The Gondoliers, set in 18th Century Italy, opens with our two humble protagonists Marco (Darby) and Giuseppe (Entwhistle), and their weddings to Gianetta (Panzarin) and Tessa (Finlayson). Just when they are preparing to settle down together, the Grand Inquisitor (Mason) announces that one of the two gentlemen is in fact the son of the late King, hidden away for safety. However, the Inquisitor is unsure of which of the men is royalty and while waiting for the opinion of the nurse who hid the baby away all those years ago, he declares that the two men must rule as one until the matter is cleared.
Unfortunately, the man who is to become the King must also be betrothed to the reluctant Casilda (Poropat), thus breaking the marriage that he had just begun.
What follows is an entertaining comedy concerning the inability of the Gondoliers to rule, the jealousness of their wives threatened with the impending doom of their marriage and numerous sub-plots as all of the court nobles squabble for higher social status or for love.
With a cast of over forty people, The Gilbert & Sullivan Opera Sydney Production of The Gondoliers is an exercise in excess and extravagance. From the huge chorus numbers to the strikingly detailed costuming, the play is every bit as lavish as the world of excessive nobility it portrays.
As you would expect, the chorus all do spectacularly well in their huge operatic numbers. The lead actresses of the piece, namely Panzarin, Finlayson and Poropat, all do incredibly in their roles and carry their songs beautifully. Mason as the Grand Inquisitor and Sinclair as Casilda’s pompous and camp father are both hilarious, stealing the scenes they are in even when they aren’t speaking.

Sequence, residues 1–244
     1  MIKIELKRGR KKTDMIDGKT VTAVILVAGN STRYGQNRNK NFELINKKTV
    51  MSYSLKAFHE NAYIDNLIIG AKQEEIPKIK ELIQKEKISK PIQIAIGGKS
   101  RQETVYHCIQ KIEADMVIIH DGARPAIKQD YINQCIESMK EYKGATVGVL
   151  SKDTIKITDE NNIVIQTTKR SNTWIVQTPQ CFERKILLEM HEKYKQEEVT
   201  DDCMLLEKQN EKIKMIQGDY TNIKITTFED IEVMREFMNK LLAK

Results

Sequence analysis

There were a few moments when the main singers got lost amongst the sound of the orchestra, which made me wish that some of the cast had been fitted with a lapel mic. Furthermore, in the large chorus numbers, the dancing was not particularly polished, making it look clumsy and unenergetic in contrast to the bouncy music. The incredibly tight singing of the ensemble makes it forgivable, though.
If you’re a fan of Gilbert and Sullivan or an Opera Buffa I would highly recommend going and seeing this piece. The music is enchanting, and with the extravagant costuming and set design it is a treat to sit back and watch.
The Gondoliers runs until the 3rd of October at the Smith Auditorium Lyric Theatre, Shore School, North Sydney. Tickets can be purchased at http://www.gsosydney.com.au/current-show.html
Featuring: Dean Sinclair, Michael Bond, Anthony Mason, Spencer Darby, Tristan Entwistle, Johanne Perera, David Budden, Matt Cobb-Clark, Kevin Gormley, Catherine Bulfin, Stephanie Jennifer Poropat, Marisa Panzarin, Anne-Louise Finlayson, Minh Huynh, Ella Arendelle, Amy Balales, and Christine Premdas-Rogers.
Chorus: Nick Adams, Sophie Almada, Kassie Carroll, Elizabeth Carter, Lucy Casula, Michael Darmody, Kyran David, Marie Deverill, David Elias, Virginia Fuller, Tessa Grey, Matthew McAnally, Colin McLaughin, Emma Meredith, Merryll-Anne Morris, Norbert Neville, Garry O’Sullivan, Catherine Pearce, Rita Piras, Dawn Pugh, Lucy Ruckley, Lynda Sanders, Richard Sellaro, Ellie Singer, Andrew Stark, Lisa Stewart and Norika Yamanaka.
Creative Team: Gordon Costello (Director), Rod Mounjed (Musical Director), Elizabeth Lowrence (Choreographer), Ali Ware (Set Designer), Emily James (Set Artist) and Sandi Tutt (Costumer).
Above image by Ray Wing-Lun